“WHEN YOU ARE MAKING HISTORY, you don’t know it,” Mark Andersen told me. “You’re just doing whatever you’re doing. Hopefully, you’re doing something passionate, creative, and making the world a more just and caring place.” For Andersen, that means continuing to use art to effect change and not being tempted to focus only on the past.

“We use the past as a source of fuel,” Andersen said, “as a way to energize us for what we can do now. What moment are we missing now? What is possible now? It’s not the moment that it was in 1984; it’s a very different Washington, D.C.”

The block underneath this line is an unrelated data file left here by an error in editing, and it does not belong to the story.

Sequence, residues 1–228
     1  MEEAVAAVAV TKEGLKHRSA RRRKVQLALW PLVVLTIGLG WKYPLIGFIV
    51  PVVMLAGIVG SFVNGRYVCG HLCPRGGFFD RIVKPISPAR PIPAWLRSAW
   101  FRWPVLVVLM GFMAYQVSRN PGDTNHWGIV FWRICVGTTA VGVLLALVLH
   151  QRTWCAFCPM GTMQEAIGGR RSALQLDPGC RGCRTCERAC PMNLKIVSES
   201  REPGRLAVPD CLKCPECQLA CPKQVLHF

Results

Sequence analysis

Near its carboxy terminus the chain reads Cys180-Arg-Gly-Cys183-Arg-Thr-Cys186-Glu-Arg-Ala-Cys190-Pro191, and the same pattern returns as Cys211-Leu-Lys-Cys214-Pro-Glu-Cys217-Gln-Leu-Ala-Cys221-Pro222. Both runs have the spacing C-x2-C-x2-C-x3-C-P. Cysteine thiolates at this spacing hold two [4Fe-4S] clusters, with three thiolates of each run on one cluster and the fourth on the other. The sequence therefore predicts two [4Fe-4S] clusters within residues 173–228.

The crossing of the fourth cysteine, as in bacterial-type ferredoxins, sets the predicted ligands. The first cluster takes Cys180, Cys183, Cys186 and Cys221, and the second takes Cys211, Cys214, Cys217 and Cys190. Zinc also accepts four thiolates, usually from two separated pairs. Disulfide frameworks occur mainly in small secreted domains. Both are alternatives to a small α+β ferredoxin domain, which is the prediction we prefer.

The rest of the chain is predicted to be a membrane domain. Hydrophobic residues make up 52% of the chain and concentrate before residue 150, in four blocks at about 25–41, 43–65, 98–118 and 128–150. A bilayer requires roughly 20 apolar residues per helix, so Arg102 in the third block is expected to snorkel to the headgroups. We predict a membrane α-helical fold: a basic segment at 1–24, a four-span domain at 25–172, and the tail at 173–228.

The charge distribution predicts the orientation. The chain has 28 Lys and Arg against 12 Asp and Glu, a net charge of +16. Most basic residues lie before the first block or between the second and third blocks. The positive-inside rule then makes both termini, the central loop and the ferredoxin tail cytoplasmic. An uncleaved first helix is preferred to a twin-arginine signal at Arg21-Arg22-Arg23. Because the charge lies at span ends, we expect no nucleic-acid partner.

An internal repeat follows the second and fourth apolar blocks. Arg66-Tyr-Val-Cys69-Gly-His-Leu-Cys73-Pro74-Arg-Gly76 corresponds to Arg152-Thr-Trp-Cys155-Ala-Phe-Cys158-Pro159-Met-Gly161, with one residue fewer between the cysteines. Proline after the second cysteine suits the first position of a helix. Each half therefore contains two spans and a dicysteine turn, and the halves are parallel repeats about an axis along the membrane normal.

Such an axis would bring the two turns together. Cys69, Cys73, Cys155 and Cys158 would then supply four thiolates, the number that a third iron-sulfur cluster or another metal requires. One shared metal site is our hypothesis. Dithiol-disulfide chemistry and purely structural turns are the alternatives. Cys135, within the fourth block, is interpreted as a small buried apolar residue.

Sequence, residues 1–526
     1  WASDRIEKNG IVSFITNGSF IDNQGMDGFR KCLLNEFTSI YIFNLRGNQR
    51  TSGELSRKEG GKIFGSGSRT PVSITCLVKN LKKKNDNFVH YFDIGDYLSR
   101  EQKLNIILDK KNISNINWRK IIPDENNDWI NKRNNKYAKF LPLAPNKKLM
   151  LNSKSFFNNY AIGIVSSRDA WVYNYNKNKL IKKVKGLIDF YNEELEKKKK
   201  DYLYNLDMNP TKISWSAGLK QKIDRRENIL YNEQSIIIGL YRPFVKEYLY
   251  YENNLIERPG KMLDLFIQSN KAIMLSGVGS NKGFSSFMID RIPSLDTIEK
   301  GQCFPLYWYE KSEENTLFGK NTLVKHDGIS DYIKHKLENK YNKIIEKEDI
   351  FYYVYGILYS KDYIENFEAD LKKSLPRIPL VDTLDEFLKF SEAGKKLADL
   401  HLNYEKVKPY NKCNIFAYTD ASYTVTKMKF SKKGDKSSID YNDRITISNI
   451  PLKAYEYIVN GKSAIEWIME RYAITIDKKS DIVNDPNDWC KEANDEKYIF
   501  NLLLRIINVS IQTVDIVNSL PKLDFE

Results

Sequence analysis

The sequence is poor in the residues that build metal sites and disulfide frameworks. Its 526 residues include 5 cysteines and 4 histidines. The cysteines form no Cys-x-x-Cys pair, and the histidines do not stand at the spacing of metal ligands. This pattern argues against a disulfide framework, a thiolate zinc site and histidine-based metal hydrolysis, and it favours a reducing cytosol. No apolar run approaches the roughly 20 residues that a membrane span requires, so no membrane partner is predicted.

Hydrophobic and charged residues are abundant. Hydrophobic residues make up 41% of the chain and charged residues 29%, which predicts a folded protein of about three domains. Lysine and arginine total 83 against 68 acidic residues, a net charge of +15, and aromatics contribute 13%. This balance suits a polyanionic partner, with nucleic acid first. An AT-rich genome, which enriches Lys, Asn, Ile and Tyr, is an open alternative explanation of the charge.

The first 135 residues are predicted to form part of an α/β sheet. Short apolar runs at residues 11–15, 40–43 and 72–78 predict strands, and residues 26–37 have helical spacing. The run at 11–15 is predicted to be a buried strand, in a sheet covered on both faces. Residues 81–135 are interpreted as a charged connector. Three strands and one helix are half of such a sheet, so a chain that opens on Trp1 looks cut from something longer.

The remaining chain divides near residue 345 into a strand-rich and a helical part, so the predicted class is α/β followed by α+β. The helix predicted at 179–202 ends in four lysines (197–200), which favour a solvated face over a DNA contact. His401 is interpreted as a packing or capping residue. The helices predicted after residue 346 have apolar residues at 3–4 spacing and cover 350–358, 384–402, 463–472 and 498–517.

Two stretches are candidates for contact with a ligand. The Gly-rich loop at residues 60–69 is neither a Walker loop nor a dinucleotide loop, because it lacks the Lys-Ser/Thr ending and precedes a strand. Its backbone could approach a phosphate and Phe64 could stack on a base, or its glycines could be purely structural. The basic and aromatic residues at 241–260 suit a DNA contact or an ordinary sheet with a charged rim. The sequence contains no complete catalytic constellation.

A primary concern in that very different D.C. is the economic transformation of the city brought by the influx of government contractors and dark political money. And of course, all the condos.

At a lunchtime concert on a Friday in January, under the bright fluorescent lights of the front hall of the MLK Library, Ian Svenonius, frontman of the band Chain and the Gang, climbed onto chairs and stepped over audience members, trailing a long microphone cord behind him.

“The city’s changing, new buildings,” Svenonius began monologuing, tossing his mop of black hair out of his eyes. “We weren’t consulted about the state the city would be in!” He wore a sleek silver-gray suit in his trademark mod style, and behind him on the stage, in front of the glass doors that said “POPULAR LIBRARY,” were his bandmates, a male drummer and two women on bass and guitar in stylish matching silver suits.

(Photo: Mike Maguire)